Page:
were their cares and concerns, their aspirations and dreams for both
themselves and the institution? Their views on the enduring values at
Hope were very revealing and very consistent. Since they paralleled my
own thinking, I was particularly pleased with them. Five were mentioned
with great frequency-three with much intensity. The Hope College community
EXCEPTIONALITY IN THE ACADEMIC PROGRAM
Forty years ago, I set foot on the Hope College campus for the first time. My initial impression was that Hope was very serious about academics. Hope was concerned about the development of the intellect, indeed, the development of the Christian mind. Nothing in the intervening years, in my experience as a student, faculty member and now president, has dissuaded me from that initial impression. From faculty, and administrators, both then and now, has come the message that Hope is first and foremost an educational institution where teaching, learning and scholarship are of primary importance. Throughout the years, in the midst of change, I am very proud that my alma mater has required students to earn an education not merely be given a diploma. May it ever be so!
In my experience, Hope has never wavered from a challenging, liberal arts education. This education develops the truly educated person by teaching students to think clearly and creatively, judge wisely and communicate effectively. More than just a breadth of study, however, this liberal arts emphasis has allowed students and faculty alike to fully pursue truth in every part of God's creation. This is not threatening or intimidating for us as Christians because we believe that all truth is God's truth to be pursued by those he has created-the better to glorify Him and serve humankind.
For this rigorous and challenging intellectual emphasis, Hope has received considerable national recognition.
But what of the future? We can and must do better. There will be no dearth of competition from institutions both similar and dissimilar, many of which are represented in this gathering today. Our goal is to be so outstanding that we are irresistible! And, how will we do this?
a. By continuing to emphasize the importance of teaching at the undergraduate level. This emphasis has been extraordinary in the past and will continue to be the trademark for learning on our campus.
b. By creating the kind of campus environment where teaching, learning and scholarship are prized above all other activities.
c. By attracting faculty, staff, and students who have the capability and the motivation to excel and providing them with the resources to do so.
d. By replicating more widely our science model of having students and faculty work hand-in-hand on collaborative research projects. Such nationally acclaimed activity should become the norm on our campus in all disciplines rather than the exceptionality of a few.
e. By responding to the complexity of our world with interdisciplinary learning.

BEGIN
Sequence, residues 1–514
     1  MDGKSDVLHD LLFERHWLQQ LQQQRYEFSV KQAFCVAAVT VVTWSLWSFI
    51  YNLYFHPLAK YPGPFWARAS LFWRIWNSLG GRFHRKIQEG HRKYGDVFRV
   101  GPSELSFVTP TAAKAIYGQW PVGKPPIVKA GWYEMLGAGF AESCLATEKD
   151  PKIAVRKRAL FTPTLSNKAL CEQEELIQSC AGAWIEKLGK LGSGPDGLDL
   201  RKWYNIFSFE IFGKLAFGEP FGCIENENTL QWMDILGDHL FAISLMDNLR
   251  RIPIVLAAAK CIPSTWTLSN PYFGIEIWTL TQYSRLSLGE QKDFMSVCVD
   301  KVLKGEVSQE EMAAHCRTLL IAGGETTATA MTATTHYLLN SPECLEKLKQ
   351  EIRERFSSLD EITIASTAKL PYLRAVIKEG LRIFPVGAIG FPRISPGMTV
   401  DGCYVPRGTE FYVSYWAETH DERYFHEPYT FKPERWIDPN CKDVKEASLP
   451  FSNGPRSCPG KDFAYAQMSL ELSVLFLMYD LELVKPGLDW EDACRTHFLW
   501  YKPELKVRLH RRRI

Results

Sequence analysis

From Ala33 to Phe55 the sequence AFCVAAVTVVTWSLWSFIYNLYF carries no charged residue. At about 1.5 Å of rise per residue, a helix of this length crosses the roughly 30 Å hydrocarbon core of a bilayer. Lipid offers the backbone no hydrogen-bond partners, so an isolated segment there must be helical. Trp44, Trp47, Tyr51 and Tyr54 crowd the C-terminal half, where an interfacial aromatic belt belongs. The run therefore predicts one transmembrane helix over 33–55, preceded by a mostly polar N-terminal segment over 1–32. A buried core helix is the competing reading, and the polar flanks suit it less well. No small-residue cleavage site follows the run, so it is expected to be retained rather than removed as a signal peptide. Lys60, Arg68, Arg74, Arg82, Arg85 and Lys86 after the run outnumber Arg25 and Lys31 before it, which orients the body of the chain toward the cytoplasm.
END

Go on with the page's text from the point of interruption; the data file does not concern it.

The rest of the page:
f. By internationalizing the curriculum in all areas as many have done so well already. This will include expanded opportunities for off-campus study and exchanges of different kinds whereby we seek to understand and appreciate the peoples and cultures of the world.
g. By accepting the challenge of Professor Green's convocation address in which he emphasized the necessity of just plain hard work. This was consistent with the inaugural address by Hope's first president Philip Phelps when he said, "Our reputation is to be carved by unremitting toil."
h. By helping the entire campus community to see the inherent worth of education not just as the prerequisite for the first job, but as a foundation for meaningful life itself.
THE CHRISTIAN DIMENSION
Always generating discussion at colleges like ours is the extent and method of bringing a Christian perspective to our education. This is probably especially true when two colleges of similar mission are in such close proximity to each other. In this area, that would be Calvin and Hope. Permit me to share a story with you.
Some time ago, I was on Calvin's campus talking to President Byker in his office. I noticed a gold telephone on his desk which piqued my curiosity. When I inquired about it, Gaylen indicated that it was a direct line to God. He offered to let me use it. Being Dutch, I asked him how much it would cost. He indicated $100 for a three-minute conversation. I thought it was a bit steep, but it presented too good an opportunity to pass up. I paid my $100 to Calvin and had a wonderful conversation. I didn't think much about this until I interviewed at Hope. There in the president's office was another gold telephone. I thought this must be some kind of fraternity. I asked my Hope predecessor about it, and his explanation was virtually the same as Gaylen's. I then asked how much it would cost for a three-minute conversation. President Jacobson indicated it would cost just 25 cents. To which I responded "Wow, I got ripped off for $100 at Calvin." To which John quickly explained, "It's just a local call here."
At various times in its history, the Board of Trustees has indicated their desire for the College to be a leading Christian college. This is a lofty expectation. Furthermore, the Bylaws of the College indicate that the Trustees desire a Christian college consistent with the values of the Reformed Church in America-the institution's founding denomination and one with which the College still maintains a covenantal relationship. Additionally, the vision statement of the College which was developed recently with input from the entire College constituency indicates the desire for this Christian dimension to be ecumenical in nature while rooted in the Reformed Christian faith.
The mission of the college is most often stated "…to offer with recognized excellence, academic programs in liberal arts, in the setting of a residential, undergraduate, coeducational college, and in the context of the historic Christian faith."